Generation D

Where do people get the idea that life owes them? How can they think God will give them anything they want? I’m not just talking about children and teenagers. Plenty of middle-aged and even some retired persons have this attitude. Maybe their parents spoiled them. Perhaps they have watched too many movies with a fairy tale ending. Whatever the reason, they didn’t get this thinking from life because experience slaps us in the face with harsh realities, disappointments, and cold hard facts.

We talk about “living the dream.” I understand what most people mean by this. We do have it good. Very good. But people take this too far when they imagine that life is one big chocolate factory that constantly fills their hands with candy. And yet that is how many Americans think. Just dream about it and it will come true.

There are ministers who preach this illusion. They promise people their dreams – the ideal job, wealth, a fantastic marriage and kids that are loving and successful, good health, and of course a permanent smile.  “God wants you to be happy” they preach, and they are right. God does want us to be happy. But he never said we will be happy all the time. “But God is a generous Father who wants your dreams to come true.” And where is that in the Bible? The truth is that the American public is for the most part selfish. These preachers know this. That is why they tell these dreamers they can have anything they want. They portray God as a glorified Santa Claus. They take verses of the Bible out of context and ignore passages that mention adversity. And thousands come to hear them and read their books.

There are a lot of grown ups who have never grown up. They live in a dream world and think God put them there.

Life is hard. Sometimes it is very hard. It can be so hard that you don’t think you can stand anymore. We experience life’s troubles in different ways but we all have problems. The Bible says, “Man that is born of a woman is of few days, and full of trouble” (Job 14:1). Jesus told His disciples, “In the world ye shall have tribulation” (John 16:33). Life is a mixture of joy and sorrow, pleasure and pain, laughter and tears. You never know which will be next. There is “a time to weep, and a time to laugh” (Ecc. 3:4). So, Solomon says, “In the day of prosperity be joyful, but in the day of adversity consider: God also hath set the one over against the other, to the end that man should find nothing after him” (Ecc. 7:14). Make your plans but remember that they may not happen. “Boast not thyself of tomorrow; for thou knowest not what a day may bring forth. (Prov. 27:1). Instead of talking like you control the future, sprinkle the words “if the Lord will” on your goals (James 4:15).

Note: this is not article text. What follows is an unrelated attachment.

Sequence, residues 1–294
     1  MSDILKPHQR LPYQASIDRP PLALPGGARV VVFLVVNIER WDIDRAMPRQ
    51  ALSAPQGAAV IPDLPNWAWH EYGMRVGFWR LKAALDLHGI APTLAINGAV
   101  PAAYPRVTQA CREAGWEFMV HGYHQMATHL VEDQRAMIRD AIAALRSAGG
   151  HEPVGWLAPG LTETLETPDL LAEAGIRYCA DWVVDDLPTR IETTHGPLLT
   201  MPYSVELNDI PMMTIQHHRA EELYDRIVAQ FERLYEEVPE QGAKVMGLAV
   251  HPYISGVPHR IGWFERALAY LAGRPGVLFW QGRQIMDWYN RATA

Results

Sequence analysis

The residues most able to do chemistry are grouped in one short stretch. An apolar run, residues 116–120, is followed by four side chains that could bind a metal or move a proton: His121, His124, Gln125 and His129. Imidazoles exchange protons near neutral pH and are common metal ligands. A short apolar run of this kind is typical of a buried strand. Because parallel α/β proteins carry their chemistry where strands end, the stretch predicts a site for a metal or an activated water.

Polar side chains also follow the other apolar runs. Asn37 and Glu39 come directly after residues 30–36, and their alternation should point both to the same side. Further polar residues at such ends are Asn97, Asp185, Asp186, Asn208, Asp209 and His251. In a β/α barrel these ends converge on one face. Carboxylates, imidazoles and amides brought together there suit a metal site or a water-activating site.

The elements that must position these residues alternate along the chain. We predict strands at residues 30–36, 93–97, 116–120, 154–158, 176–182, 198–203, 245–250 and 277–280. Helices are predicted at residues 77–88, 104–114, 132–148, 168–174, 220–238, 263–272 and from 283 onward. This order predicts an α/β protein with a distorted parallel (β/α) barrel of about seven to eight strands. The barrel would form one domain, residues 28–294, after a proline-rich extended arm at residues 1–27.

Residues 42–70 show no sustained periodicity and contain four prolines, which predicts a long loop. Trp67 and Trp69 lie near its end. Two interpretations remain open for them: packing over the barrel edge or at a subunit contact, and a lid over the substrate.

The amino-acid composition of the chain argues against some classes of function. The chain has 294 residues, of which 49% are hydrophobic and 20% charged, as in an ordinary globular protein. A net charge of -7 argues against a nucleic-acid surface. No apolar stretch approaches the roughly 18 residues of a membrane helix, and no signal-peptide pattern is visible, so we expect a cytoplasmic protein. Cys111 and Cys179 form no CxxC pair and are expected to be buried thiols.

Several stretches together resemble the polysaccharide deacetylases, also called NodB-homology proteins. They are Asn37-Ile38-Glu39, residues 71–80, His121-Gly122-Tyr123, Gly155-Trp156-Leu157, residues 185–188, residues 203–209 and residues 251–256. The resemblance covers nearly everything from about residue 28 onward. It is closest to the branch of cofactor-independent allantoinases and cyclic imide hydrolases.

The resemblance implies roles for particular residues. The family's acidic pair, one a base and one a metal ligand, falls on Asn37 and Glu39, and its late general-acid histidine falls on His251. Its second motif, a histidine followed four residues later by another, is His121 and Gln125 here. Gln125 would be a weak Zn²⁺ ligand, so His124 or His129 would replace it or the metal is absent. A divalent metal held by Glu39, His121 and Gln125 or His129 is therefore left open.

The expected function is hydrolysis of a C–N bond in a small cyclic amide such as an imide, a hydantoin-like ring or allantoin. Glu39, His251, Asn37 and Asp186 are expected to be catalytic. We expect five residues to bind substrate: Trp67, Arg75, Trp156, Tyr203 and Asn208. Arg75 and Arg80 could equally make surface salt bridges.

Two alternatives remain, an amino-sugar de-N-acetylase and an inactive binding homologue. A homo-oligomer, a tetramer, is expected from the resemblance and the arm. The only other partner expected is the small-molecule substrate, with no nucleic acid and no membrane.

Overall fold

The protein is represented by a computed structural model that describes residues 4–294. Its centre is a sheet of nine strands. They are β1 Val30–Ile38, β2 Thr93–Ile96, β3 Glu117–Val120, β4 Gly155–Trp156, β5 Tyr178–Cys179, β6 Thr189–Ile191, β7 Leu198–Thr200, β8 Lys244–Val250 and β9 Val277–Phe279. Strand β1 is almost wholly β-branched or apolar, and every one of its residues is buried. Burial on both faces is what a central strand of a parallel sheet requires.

It is never good for a person to have most much less all of what he wants. Solomon indulged himself and was miserable (Ecc. 2:1-11).

Heartache and pain are good for us if we humble ourselves before God. Hardships, not dreams, produce patience and character (Rom. 5:4). After they’re over we can be glad we experienced them (Psa. 119:71; Heb. 12:11).

People who live in a fantasy world end up disillusioned and can become bitter. There are many who thought they would make it big in business, sports, politics, or entertainment and become angry, sour people when their plans fail. There are husbands, wives, parents, and preachers who get burned and are hard to be around because their relationships or work was not the success they envisioned. They set themselves up for disappointment because they think if they dream it they will have it.

Ahab wanted a piece of land. Since he was king he could have paid a handsome price for it. But Naboth who owned the property wouldn’t sell. How did the king handle this rejection? He “laid him down up on his bed, and turned away his face, and would eat no bread” (I Kings 21:4). He pouted! A selfish person with shattered dreams is one of the most unbearable individuals on earth.

We can never be sure about what will happen next in this life.  We can know, however, that judgment and eternity are ahead, and if we are Christians heaven will be our home. That hope is not an empty dream. It is a promise from God (I Pet. 1:4).

-Kerry Duke

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